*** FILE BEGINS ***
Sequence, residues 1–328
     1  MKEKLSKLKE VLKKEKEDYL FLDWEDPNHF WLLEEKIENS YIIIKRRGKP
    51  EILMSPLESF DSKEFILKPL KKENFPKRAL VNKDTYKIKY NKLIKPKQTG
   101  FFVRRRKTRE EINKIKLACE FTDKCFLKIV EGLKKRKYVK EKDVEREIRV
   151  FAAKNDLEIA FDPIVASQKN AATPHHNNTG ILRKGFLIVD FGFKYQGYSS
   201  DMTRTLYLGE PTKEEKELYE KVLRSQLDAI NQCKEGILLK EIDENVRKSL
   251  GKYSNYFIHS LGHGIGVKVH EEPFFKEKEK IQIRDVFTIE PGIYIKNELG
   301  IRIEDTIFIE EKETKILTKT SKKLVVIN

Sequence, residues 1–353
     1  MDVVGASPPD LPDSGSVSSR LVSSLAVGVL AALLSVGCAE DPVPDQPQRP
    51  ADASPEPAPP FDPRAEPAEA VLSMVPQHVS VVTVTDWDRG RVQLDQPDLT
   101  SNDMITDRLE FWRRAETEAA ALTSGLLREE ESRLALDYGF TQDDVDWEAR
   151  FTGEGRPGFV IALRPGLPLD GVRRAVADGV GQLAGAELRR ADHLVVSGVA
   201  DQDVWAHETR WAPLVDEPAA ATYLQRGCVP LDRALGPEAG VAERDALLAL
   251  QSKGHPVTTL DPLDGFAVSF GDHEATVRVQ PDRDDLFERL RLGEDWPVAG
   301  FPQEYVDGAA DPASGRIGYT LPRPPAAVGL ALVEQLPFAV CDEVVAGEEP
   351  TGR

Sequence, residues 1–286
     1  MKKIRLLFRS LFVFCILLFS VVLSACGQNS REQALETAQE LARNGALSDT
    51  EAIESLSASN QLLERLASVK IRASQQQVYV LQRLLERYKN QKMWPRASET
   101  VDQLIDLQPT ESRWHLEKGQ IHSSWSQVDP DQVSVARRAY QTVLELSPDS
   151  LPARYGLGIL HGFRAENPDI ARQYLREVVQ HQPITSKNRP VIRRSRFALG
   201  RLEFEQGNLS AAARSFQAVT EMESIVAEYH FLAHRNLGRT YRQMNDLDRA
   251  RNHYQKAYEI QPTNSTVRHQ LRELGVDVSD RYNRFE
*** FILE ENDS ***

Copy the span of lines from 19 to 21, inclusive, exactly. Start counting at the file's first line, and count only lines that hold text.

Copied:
     1  MKKIRLLFRS LFVFCILLFS VVLSACGQNS REQALETAQE LARNGALSDT
    51  EAIESLSASN QLLERLASVK IRASQQQVYV LQRLLERYKN QKMWPRASET
   101  VDQLIDLQPT ESRWHLEKGQ IHSSWSQVDP DQVSVARRAY QTVLELSPDS